I wrote earlier this week about the University of Illinois in Urbana hiring me as a model for art students. After that, a Presbyterian church in Champaign hired me as a volunteer coordinator. When we moved to Geneva, Ill. a minor league baseball team found a job for me in their ticket office. In Chicago, a non-profit organization took me on as their Interactive Community Coordinator, and three different organizations hired me to lead memoir-writing classes. I am grateful to the School of Art and Design at University of Illinois in Urbana-Champaign, McKinley Church and Foundation, the Kane County Cougars, Easter Seals National Headquarters, the City of Chicago, Lincoln Park Village, and the Center for Life and Learning for taking a chance on me. Their confidence in me has helped boost my confidence in myself.

I am also thankful to the legislators, demonstrators, advocates and lobbyists who worked so hard to get The Americans with Disabilities Act passed back in 1990. The next frontier? Bringing that unemployment rate down. Let’s keep working.

My bit about nude modeling is on Oprah –again!

Visit the OWN site for the full clip.

Visit the OWN site for the full clip.

Last month an email popped up in my in box from the Oprah Winfrey Network (OWN) asking me if anything new has happened in my life since 2001, when I appeared on Oprah’s After the Show segment and spoke about my job modeling nude for art students.

After dozens of email messages and some phone calls and Mike’s photo sharing and my final Skype call with them, well, today I’m on Oprah again! You can link to the Oprah Winfrey Network to watch my original 2001 appearance about nude modeling, hear clips from my Skype interview, and see which of the many, many photos Mike sent that OWN decided to use along with my story. For those of you who want the Cliff Notes version, here’s how they summarize it there:

In 2001, Beth Finke sat in an “Oprah Show” audience and listened to a discussion about a topic particularly meaningful to many men and women: aging gracefully. As researchers and authors on the show discussed everything from wrinkles to workouts, Finke listened intently, but couldn’t quite relate to people’s common concerns. When the taping ended, Finke stood up to explain why.”I’m blind. I lost my sight in my 20s,” Finke said after the show, with cameras still rolling. “I have two things to say about that. One thing is, quit looking in the mirror! … Because as far as I’m concerned, I’m still 26.”

The second piece of advice she shared had to do with living without self-imposed limits. Though losing her sight freed Finke from the pressures of outward appearances, she told Oprah that blindness also cost her quite a bit in the process — she lost her job, the ability to exercise as often and “a lot” of self-esteem. Eventually, though, Finke chose to take back control of her life.

“I have been lifting weights for the last three or four years at home, and I just got a new job a couple of years ago doing, guess what?” Finke said. “I live in a university town and I’m a nude model for the art and design department!”

Oprah almost couldn’t believe Finke’s story, but it was indeed true. “I just modeled yesterday,” Finke said. “The boys were very quiet. The art professor said… ‘I don’t think they’ve ever seen a naked woman in the daylight.'”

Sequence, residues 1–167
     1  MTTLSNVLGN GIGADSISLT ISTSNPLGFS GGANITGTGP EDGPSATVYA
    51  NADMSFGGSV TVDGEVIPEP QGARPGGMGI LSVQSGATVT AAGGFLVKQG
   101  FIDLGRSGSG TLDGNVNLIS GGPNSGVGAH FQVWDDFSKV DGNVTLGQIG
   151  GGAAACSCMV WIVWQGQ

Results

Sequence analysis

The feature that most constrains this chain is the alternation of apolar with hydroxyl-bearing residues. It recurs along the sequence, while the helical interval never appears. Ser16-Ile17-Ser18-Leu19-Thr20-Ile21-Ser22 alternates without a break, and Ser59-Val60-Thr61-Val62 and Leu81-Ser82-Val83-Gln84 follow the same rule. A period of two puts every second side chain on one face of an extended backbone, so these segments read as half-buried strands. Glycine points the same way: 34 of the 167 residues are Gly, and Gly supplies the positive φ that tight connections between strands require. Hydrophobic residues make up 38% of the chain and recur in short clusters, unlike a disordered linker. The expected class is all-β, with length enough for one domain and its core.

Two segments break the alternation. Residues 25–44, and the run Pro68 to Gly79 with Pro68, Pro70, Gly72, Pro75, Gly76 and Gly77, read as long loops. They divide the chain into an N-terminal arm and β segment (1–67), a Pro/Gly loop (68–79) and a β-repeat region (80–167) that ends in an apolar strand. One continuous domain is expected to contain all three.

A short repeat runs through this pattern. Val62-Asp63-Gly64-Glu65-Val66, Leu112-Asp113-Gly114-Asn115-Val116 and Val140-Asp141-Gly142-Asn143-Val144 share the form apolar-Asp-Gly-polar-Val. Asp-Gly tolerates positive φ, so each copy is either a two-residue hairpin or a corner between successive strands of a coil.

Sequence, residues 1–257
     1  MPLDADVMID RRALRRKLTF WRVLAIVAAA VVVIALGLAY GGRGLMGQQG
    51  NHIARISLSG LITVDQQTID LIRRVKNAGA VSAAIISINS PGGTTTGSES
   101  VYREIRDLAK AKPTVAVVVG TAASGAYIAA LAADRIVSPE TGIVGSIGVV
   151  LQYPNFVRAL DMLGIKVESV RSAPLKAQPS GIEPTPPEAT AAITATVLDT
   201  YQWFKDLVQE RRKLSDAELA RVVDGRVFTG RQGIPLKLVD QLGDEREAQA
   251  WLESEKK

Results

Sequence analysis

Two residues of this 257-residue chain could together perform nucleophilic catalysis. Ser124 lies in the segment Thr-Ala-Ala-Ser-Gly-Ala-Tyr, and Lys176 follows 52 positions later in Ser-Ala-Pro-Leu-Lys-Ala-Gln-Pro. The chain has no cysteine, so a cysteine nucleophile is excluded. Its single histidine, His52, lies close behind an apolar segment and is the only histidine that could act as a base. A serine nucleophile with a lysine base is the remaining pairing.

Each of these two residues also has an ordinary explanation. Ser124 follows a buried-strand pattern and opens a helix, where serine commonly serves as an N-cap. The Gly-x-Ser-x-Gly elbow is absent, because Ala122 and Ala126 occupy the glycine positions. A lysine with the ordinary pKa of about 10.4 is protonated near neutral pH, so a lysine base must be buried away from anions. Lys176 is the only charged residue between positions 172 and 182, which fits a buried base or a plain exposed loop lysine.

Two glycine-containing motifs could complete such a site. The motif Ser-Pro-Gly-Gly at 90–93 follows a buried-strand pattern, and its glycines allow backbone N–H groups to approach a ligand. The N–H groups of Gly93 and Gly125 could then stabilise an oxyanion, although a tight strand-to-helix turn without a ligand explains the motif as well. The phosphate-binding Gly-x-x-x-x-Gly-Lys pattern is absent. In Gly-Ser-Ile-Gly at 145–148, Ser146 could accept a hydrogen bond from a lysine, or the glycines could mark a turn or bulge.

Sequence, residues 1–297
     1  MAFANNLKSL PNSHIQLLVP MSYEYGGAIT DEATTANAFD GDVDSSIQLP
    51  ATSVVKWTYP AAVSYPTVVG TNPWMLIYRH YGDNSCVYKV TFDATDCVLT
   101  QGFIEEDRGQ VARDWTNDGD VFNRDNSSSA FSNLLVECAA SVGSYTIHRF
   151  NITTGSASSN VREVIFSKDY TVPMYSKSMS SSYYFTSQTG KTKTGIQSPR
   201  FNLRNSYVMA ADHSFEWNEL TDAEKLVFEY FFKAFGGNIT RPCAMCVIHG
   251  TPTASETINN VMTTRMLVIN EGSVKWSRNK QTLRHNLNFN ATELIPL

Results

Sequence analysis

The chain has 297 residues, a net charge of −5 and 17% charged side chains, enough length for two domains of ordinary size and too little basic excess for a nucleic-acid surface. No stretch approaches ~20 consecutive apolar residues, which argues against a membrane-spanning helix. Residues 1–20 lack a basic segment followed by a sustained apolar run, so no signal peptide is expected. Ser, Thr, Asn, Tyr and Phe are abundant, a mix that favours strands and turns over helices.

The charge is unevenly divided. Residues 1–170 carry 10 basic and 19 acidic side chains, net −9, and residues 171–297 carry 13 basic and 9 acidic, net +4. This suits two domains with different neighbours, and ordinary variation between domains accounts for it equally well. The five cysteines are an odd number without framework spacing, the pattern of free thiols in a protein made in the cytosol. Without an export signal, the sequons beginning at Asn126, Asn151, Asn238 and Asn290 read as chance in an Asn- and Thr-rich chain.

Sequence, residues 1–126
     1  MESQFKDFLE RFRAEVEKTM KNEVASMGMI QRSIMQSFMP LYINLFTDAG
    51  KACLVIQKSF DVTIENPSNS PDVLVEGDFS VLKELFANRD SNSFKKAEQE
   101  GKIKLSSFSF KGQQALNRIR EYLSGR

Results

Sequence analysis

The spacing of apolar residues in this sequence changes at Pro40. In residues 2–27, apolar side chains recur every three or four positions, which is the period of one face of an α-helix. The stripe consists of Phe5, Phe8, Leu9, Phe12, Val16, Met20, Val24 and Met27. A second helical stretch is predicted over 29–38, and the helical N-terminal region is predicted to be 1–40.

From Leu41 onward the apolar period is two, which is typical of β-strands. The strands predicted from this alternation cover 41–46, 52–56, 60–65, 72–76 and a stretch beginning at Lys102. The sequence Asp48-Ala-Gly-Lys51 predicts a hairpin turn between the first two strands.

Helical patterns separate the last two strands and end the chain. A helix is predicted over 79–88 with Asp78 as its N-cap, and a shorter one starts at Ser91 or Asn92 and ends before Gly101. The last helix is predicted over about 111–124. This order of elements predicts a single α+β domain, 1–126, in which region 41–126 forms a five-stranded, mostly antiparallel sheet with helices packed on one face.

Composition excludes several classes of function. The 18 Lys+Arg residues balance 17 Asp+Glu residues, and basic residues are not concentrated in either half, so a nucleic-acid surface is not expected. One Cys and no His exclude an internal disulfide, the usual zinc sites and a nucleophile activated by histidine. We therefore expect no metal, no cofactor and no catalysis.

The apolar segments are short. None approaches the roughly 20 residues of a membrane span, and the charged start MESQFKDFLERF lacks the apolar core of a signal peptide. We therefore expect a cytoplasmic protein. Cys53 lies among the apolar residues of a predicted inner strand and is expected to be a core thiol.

Fourteen years after sharing her story, Finke is just as candid. She no longer models nude, but still looks for way that others can learn from her own experience….

…it’s me again. If you want to read the rest of the story, visit the OWN site, and it’s also on Huffington Post.

Mondays with Mike: Little blue pills

I’m old enough to remember when it was illegal to advertise prescription drugs on television. And even if it had been legal, the idea that the commercials would be talking about erectile dysfunction would’ve been a non-starter. As in, on TV? Really? Plus, we wouldn’t have known what erectile dysfunction was.

She's there to help.

She’s there to help.

Of course, a lot’s changed. I’m not arguing it was better then. But it’s not at all clear to me, that when it comes to some things anyway, that it’s any better now.

So we have commercials with bathtubs next to each other and lots of guys with a certain razor stubble of a certain age with women who are of the same certain age but look younger. And the men apparently have a big problem that pills will solve.

The latest round of ads for Viagra has comely women dressed just a button short of trash talking to me, earnestly. As in, if I’m not excited watching this commercial right now, I might have a problem.

“About half of men over 40 have some degree of erectile dysfunction,” says the ad.

Hmm. I wonder if we can define dysfunction, and what the baseline is. Because if the baseline was when I was 16, well, thank God. Because, as Eddie Murphy’s character said in the movie 48 Hours, “I’ve been in prison for three years. My **** gets hard when the wind blows.”

That wasn’t fun. It was crazy, but really, not fun. It’s a lot to deal with for a not yet young-man. So, if that’s the standard, yes, all of we men are experiencing erectile dysfunction. I say bring it on!

More generally, having watched the arc of social change, starting with the brand of feminism that eschewed both bras and makeup, it’s hard to decipher. I mean, it’s cool that men get manicures and pedicures. But it sucks that instead of women’s magazines that obsess on body types and fictional ideals of beauty being put out of business, they seem more popular than ever now, and equivalent men’s publications have sprung up. That was not what I had in mind. Equality of objectification was not the goal.

Oh well.

I feel a breeze.

20 years ago

A deadly heat wave hit Chicago twenty years ago. WBEZ (Chicago Public Media) aired stories about the 1995 heatwave all this week, and when I heard they were looking for personal stories from listeners who’d survived the heat wave I encouraged my niece Janet to send one in. “If WBEZ doesn’t use it, I’ll publish it on our blog. Chicago Public Media’s loss is Safe & Sounds’ gain. Here’s my niece with a guest post about what she was doing 20 years ago.

Janet and her newborn daughter, Anita, 20 years ago.

Janet and her newborn daughter, Anita, 20 years ago.

by Janet May Sterling

During the Heat Wave of 1995, I lived alone in an apartment in Waukegan with a broken air conditioner. I was 25 years old, getting a divorce, and nine months pregnant.